The Little Pirate Queen
Sally Anne Garland
New Frontier, 2021
32pp., hbk., RRP $A24.99
Every week Lucy boards her rickety raft and sets sail looking for Far Away Island, a mysterious place that no one had ever reached before and therefore no one knew what treasures might be found there. During the journeys Lucy has to constantly mend the little craft and she and it have been through some rough seas lately and as her friends cruise past her in their more sea-worthy craft, she wishes she had a shiny new yacht.
But she keeps moving, imagining she is a brave Pirate Queen, and even though sometimes she doesn’t feel brave at all, she sails on. Then, one day a huge storm hits and a giant wave washes away Lucy and the other children. Even though it is badly damaged her rickety raft is the only one to survive and Lucy discovers the meaning of the saying “a smooth sea never made a skilled sailor.”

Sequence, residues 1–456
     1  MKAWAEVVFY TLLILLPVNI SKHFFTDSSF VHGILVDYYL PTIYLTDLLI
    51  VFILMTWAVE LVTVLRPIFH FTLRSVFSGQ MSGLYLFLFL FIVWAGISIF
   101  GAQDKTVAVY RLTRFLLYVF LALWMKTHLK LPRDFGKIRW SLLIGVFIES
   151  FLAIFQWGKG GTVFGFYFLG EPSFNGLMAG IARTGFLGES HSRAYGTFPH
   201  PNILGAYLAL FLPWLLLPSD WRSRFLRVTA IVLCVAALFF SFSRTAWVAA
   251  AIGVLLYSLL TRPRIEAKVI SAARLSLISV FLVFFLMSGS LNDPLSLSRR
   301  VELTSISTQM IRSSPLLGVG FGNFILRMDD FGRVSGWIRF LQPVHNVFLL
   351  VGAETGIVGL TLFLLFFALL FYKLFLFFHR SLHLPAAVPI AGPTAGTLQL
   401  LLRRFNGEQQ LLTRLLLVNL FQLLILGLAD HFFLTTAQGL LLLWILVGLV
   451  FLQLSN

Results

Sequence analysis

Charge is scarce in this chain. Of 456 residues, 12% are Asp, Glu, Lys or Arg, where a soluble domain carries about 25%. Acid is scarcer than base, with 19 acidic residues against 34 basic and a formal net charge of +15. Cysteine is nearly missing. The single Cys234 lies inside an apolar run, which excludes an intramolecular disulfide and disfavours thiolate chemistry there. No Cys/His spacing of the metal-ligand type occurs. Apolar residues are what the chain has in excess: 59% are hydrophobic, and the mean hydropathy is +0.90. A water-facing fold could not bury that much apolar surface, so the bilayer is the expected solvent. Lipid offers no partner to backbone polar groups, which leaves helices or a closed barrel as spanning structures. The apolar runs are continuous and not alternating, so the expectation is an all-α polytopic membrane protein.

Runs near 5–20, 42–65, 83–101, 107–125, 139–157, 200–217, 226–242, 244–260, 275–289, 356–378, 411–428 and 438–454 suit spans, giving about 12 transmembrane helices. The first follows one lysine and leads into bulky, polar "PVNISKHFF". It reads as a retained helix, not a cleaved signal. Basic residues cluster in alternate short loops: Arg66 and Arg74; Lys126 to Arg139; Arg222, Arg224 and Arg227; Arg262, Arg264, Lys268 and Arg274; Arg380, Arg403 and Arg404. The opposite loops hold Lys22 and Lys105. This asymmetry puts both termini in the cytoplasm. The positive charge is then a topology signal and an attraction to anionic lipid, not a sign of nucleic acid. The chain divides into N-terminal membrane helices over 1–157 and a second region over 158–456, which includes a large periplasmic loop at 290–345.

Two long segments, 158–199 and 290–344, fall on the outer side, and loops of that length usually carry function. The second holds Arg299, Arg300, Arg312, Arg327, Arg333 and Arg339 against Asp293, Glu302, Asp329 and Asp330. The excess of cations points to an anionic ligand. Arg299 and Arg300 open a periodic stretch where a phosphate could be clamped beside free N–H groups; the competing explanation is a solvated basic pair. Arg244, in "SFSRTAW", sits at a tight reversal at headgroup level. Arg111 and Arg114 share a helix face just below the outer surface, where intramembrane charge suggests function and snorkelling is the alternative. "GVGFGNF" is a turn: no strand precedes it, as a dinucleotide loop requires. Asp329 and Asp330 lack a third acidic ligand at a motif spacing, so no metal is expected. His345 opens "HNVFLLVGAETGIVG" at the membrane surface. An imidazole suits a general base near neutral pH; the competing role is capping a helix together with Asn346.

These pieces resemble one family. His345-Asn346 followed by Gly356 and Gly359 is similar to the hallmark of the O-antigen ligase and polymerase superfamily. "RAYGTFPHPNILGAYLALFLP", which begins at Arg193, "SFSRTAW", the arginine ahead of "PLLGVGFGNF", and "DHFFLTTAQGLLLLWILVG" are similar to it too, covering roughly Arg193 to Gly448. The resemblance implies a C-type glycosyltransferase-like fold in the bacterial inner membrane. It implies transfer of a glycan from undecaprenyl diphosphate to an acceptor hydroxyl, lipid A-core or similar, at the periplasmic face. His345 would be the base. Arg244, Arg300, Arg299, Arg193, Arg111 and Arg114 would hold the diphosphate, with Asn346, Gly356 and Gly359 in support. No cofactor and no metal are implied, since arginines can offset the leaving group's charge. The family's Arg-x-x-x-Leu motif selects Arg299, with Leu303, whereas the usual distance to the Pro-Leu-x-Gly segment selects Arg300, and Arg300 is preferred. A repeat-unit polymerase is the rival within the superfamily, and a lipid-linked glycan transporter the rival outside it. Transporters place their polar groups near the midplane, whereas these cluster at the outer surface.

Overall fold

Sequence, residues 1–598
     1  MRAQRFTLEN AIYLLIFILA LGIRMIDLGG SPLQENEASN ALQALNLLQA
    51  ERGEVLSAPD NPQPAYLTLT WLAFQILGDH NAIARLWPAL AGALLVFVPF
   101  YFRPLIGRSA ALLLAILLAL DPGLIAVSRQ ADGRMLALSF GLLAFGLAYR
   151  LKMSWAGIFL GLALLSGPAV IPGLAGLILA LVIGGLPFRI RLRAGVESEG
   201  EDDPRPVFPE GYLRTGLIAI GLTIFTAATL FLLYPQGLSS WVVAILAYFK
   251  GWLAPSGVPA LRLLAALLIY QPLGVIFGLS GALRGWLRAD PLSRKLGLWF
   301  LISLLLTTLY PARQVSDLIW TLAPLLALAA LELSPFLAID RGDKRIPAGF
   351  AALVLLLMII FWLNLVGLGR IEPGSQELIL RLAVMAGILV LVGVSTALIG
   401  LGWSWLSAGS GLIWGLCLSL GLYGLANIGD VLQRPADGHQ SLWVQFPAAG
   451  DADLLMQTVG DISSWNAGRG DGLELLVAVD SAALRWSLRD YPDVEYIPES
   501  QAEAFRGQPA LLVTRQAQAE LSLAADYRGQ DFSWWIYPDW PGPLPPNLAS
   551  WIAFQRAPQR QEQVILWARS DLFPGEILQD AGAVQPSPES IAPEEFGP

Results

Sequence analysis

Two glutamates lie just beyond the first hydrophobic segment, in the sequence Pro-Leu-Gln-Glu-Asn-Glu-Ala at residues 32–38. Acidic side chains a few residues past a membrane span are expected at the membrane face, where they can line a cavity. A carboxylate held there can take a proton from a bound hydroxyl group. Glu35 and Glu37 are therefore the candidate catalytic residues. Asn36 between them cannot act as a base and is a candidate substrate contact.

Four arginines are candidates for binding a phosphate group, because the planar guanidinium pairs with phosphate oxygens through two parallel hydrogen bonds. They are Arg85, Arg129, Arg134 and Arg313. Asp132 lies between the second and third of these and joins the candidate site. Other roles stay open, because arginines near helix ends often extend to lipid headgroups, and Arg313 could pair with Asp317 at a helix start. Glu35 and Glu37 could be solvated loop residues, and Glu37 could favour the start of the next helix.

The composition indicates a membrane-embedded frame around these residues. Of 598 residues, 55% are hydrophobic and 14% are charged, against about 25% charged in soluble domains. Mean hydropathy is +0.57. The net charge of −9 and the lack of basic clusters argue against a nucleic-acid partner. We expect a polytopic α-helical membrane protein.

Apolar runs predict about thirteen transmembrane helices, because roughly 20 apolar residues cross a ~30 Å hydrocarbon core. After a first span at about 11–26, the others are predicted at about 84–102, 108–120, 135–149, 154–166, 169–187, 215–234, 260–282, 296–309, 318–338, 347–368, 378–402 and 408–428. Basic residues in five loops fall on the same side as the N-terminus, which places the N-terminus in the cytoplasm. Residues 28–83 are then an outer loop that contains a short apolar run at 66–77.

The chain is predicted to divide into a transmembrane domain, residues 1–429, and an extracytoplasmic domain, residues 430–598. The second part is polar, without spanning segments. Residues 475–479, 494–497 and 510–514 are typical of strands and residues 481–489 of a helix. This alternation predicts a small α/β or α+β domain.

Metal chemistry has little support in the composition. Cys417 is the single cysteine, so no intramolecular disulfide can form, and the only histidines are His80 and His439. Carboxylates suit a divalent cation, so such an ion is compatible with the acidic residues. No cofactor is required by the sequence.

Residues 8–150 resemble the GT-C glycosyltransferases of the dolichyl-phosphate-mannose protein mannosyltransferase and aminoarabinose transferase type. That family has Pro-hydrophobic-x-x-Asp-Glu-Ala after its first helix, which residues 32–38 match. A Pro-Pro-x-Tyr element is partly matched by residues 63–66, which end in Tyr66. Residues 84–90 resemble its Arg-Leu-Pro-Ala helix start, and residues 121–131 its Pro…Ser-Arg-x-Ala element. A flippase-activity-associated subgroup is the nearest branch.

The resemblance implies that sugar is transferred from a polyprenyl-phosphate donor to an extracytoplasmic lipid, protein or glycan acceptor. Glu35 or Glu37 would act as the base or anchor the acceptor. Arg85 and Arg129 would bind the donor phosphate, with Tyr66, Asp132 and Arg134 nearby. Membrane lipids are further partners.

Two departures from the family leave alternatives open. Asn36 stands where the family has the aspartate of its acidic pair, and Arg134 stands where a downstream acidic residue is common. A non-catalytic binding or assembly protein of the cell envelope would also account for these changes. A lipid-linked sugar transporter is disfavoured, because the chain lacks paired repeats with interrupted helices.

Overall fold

Based on that quote from Franklin D. Roosevelt, author and illustrator Sally Anne Garland has crafted a story to show children that the strategies and skills they learn when coping with tough times shape our ability to navigate our future – that if all we know is smooth sailing then when a storm hits, we might not know what to do. It is a story about resilience and compassion. as well as drawing links between Lucy and pirates generally – for whatever reason, neither quite fits into society and therefore have to learn to adapt and survive, to be brave and bold and mask their vulnerability so they can keep something of themselves for themselves.
Whether read at its surface level of a little girl who turns out to be a brave Pirate Queen, or explored at the metaphorical level, this is a story that can be enjoyed by a wide age range who will see a little of Lucy in each of them.